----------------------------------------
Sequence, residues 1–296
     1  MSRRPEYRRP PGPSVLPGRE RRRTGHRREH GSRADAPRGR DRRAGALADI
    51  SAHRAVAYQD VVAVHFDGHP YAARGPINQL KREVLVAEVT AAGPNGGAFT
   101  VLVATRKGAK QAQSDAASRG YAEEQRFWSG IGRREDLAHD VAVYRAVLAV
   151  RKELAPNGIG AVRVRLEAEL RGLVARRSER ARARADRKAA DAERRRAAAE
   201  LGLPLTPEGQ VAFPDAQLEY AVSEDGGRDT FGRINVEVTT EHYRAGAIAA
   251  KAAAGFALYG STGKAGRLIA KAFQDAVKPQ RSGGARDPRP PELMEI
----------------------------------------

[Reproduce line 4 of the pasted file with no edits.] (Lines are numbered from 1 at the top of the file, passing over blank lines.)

   101  VLVATRKGAK QAQSDAASRG YAEEQRFWSG IGRREDLAHD VAVYRAVLAV